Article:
Daily Prayer At Saint Laika’s



God was with the people of Israel when they left Egypt.
God is with us now.

God gave the people hope as they traveled through the desert.
God gives us the courage to step out in faith.

God is with us wherever we go.
Come, let us worship the Lord.

Holy God, your power fills the universe with light and love.
Your tender hand caresses those who are suffering and wounded.
You welcome strangers and care for the lonely.
We are awed by the amazing extent of your compassion.
Meet us where we are.
Speak to us in ways that we understand.
Come to us, O God, in our time of worship.
Still our hearts and minds.
Renew our spirits and fill us with the life that only you can offer. Amen.

( Richard J. Fairchild )

PSALM THIRTY-SIX ( abridged )

With you, O God, is the well of life.

Your love, O Lord, reaches to the heavens
and your faithfulness to the clouds.
Your righteousness stands like the strong mountains,
your justice like the great deep;
you, Lord, shall save both man and beast.

How precious is your loving mercy, O God!
All mortal flesh shall take refuge
under the shadow of your wings.
They shall be satisfied with the abundance of your house;
they shall drink from the river of your delights.
For with you is the well of life
and in your light shall we see light.

O continue your loving-kindness to those who know you
and your righteousness to those who are true of heart.

Glory to the Father and to the Son
and to the Holy Spirit;
as it was in the beginning is now
and shall be for ever. Amen.

With you, O God, is the well of life.

O God, the well of life,
make us bright with wisdom,
that we may be lightened with the knowledge of your glory
in the face of Jesus Christ our Lord. Amen.

MEDITATION by Tim Madsen

The Dorchester Chaplains: going down with the ship

A priest, two ministers, and a rabbi walk onto a ship… Sounds like the beginning of a joke, yet the wonder of the Dorchester Chaplains is the way four men, in an attempt to save others, bravely gave up their life jackets, joined arms, said prayers, and sang hymns as they went down with the ship.

The ship was the Dorchester, a civilian cruise ship, pressed into military service and refitted as a troop transport ship. A liner designed for three hundred and fourteen passengers and ninety crew would now be able to carry slightly more than nine hundred passengers and crew.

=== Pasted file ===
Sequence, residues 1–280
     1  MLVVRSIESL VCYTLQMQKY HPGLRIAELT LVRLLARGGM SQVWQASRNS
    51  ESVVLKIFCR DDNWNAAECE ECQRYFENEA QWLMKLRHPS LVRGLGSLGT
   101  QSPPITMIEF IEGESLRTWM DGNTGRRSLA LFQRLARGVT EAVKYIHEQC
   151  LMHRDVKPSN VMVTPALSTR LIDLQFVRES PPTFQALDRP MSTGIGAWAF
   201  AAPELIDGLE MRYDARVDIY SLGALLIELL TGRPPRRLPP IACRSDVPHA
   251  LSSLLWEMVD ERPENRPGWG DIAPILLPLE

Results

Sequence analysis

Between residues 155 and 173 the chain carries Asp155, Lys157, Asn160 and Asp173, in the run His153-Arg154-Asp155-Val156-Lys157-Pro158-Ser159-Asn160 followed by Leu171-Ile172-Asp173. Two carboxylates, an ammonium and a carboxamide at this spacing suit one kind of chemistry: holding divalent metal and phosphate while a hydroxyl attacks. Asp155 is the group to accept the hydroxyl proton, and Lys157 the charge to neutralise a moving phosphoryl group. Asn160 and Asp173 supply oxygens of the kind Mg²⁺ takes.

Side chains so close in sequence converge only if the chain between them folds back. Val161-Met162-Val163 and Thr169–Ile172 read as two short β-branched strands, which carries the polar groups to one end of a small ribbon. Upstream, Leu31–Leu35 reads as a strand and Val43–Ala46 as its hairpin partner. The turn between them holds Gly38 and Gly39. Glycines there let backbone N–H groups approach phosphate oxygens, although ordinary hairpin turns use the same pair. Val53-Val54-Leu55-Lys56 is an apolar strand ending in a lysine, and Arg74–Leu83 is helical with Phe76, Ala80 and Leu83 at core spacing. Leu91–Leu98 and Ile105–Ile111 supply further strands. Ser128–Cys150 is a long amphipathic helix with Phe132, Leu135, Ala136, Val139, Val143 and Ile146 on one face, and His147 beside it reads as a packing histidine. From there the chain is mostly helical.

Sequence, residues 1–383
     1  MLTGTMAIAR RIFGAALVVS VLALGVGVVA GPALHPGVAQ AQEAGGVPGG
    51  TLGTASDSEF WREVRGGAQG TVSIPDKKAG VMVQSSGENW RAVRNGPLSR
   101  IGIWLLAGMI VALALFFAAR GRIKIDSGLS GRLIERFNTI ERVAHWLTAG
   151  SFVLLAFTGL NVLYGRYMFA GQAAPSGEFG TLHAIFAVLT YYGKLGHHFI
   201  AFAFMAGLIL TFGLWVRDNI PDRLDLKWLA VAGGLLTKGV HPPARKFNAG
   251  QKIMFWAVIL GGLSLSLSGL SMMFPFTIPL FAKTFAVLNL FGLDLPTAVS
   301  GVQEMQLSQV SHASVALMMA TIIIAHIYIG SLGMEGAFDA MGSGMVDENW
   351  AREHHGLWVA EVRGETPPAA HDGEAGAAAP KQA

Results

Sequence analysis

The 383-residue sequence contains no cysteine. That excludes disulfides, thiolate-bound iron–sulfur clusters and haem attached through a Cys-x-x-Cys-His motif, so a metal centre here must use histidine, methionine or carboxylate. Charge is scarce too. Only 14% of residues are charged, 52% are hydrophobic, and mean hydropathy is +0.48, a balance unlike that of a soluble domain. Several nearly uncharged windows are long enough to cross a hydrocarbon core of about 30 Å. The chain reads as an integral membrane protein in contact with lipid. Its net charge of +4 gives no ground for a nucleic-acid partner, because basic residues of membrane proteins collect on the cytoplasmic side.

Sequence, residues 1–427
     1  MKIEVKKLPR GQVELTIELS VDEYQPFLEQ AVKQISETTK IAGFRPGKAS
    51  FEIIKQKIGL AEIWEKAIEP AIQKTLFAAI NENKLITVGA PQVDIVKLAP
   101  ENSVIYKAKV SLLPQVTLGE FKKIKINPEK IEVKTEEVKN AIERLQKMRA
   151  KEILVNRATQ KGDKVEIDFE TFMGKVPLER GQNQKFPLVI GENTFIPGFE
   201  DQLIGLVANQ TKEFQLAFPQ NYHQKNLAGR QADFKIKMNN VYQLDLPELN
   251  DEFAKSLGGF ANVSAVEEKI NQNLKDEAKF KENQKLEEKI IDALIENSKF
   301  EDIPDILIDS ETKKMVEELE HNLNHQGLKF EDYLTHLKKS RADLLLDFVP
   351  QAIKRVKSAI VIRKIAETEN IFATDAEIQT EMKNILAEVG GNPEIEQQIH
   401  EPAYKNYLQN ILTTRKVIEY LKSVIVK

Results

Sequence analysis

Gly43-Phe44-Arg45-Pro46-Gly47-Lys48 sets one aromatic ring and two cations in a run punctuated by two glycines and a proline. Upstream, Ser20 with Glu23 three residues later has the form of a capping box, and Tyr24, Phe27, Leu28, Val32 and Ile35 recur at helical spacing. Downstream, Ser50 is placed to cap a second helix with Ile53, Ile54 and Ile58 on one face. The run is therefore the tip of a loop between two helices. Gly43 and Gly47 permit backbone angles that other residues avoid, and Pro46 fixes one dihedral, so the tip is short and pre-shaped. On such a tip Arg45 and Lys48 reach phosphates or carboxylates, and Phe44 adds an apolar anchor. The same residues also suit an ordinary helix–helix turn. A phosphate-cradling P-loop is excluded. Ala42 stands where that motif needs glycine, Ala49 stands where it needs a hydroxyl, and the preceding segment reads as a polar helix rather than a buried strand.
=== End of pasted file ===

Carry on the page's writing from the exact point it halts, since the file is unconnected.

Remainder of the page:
The Dorchester set out from New York on the twenty-third of January, 1943, en route to Greenland, carrying the four chaplains and approximately nine hundred others. During the early morning hours of the third of February, 1943, at five minutes past midnight., the vessel was torpedoed by a German submarine off the coast of Newfoundland. The torpedo knocked out the Dorchester's electrical system, leaving the ship dark. Panic set in among the men on board, many of them trapped below decks. The chaplains sought to calm the men and organise an orderly evacuation of the ship, and helped guide wounded men to safety. As life jackets were passed out to the men, the supply ran out before each man had one. The chaplains removed their own life jackets and gave them to others.

One of the survivors recorded what he saw from his life boat: “I looked back. The flares had lighted everything. The bow came up high and she slid under. The last thing I saw, the Four Chaplains were up there praying for the safety of the men. They had done everything they could. I did not see them again. They themselves did not have a chance without their life jackets.”

Other survivors reported hearing English prayers, mixing with Hebrew prayers, and the Latin of the Catholic prayers, as the ship went down. Some two hundred and thirty of the men aboard the ship were rescued. Life jackets offered little protection from hypothermia, which killed most men in the water. Nevertheless the sacrifice of the four chaplains would be remembered as one of the most touching stories of the Second World War. Lieutenant George L. Fox, Methodist; Lieutenant Alexander D. Goode, Jewish; Lieutenant John P. Washington, Catholic; and Lieutenant Clark V. Poling, Reformed, were honoured posthumously with the Four Chaplains Medal approved by a unanimous act of the United States Congress on the fourteenth of July, 1960.